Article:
Changing the way everyone else treats you starts with how you treat yourself. Develop a comfort level in your self-talk that boosts your confidence and enables you to develop your authenticity. As you do, you’ll start seeing doors being held open -- not out of chivalry or chauvinism, but out of respect.
2. Be the competition crusher.
If you want something done, be proactive. Take the bull by the horns. Be more prepared and knowledgeable than everyone else. Why? You’ll literally be impossible to ignore. Not only will you gain self-satisfaction, but you’ll also buck outdated biases and stereotypes. You’ll also kick your confidence into high gear, which is something women in power desperately need to do. Eliminate any defeatist inclinations with a boost of know-how and marked achievement.
The co-founders Nadia Boujarwah and Lydia Gilbert of apparel company Dia & Co. were friends at Harvard Business School; and back then, they began conversing about the lack of good retail market options for women who wear sizes 14 and up. A year after graduating, the two founded their New York City-based company, which sends subscribers a box of clothing that has been selected by a stylist.
Consumer feedback was positive, but investors were hesitant: A scenario of female entrepreneurs catering to a specific group of women wasn’t well understood by predominantly male venture capitalists. Still, the duo kept at it, raising money privately and methodically growing the business before returning to investors, at which point they secured millions of dollars in funding. The takeaways: Stay confident, focus on the company’s potential and don’t take no for an answer.
3. Identify and purge self-sabotaging patterns.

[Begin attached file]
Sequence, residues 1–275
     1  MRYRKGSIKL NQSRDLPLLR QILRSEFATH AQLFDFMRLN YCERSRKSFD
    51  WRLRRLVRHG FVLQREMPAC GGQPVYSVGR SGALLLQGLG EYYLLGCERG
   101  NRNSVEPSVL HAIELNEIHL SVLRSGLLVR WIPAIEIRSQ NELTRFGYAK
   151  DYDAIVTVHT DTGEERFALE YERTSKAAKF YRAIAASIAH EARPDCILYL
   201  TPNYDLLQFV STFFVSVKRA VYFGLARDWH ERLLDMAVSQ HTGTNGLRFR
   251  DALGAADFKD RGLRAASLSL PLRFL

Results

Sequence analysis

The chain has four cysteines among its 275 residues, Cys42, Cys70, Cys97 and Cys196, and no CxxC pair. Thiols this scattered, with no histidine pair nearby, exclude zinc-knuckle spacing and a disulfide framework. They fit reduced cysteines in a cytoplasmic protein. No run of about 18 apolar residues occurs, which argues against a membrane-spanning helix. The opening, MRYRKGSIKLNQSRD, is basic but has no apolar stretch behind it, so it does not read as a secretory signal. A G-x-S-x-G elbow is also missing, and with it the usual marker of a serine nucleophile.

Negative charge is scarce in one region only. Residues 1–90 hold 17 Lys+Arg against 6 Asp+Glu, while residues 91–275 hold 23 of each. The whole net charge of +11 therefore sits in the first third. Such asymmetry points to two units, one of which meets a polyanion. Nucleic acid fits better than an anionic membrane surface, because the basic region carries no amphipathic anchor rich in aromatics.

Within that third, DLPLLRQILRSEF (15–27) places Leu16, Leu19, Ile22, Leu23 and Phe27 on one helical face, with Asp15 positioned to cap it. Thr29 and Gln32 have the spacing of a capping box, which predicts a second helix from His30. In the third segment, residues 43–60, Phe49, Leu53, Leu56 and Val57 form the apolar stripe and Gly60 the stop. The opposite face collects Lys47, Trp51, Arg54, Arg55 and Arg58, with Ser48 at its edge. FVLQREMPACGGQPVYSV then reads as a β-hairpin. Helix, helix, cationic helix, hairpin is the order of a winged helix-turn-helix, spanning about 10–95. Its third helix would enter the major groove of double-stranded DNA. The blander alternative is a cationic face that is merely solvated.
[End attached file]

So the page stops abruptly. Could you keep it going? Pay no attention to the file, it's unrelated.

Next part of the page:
Most people have habits that are hurting them without their realizing it. Take job-hopping, for example. A study released on LinkedIn indicated that the women it studied, who graduated from college between 1986 and 2010, tended to move around from job to job more frequently than men.
Could being quick to leave employment rather than seek current workplace promotions have cost these women opportunities?
We all suffer from the desire to “get going” when the going gets tough. Yet pulling up anchor early may leave your career permanently adrift. Evaluating your own reasons for making job decisions, such as constantly looking for something better or different, can illustrate characteristics you don't realize are damaging your progress.
4. Boldly ask for honest feedback.
When was the last time you asked your colleagues for feedback? I myself routinely ask people at all levels of the organization for feedback, irrespective of their roles or gender. I even go to my children, because I recognize what they say can be brutally, yet refreshingly, honest.
Feedback is a gift, and not one you can afford to wait to receive. Lean In’s Women in the Workplace 2017 study indicated that women are less likely to receive career-advancement advice from managers and senior leaders. This means that no news might actually be bad news, as we’ve all learned. Begin requesting input, even if it’s tough.
Not every situation will be cozy, especially if you’re thrust into a new role. Therefore, you need to overcome the desire for complete comfort. Work hard every day to overcome the self-doubt that stops you from diving into new projects or opportunities. You don’t have to have all the answers -- you just have to be willing to progress.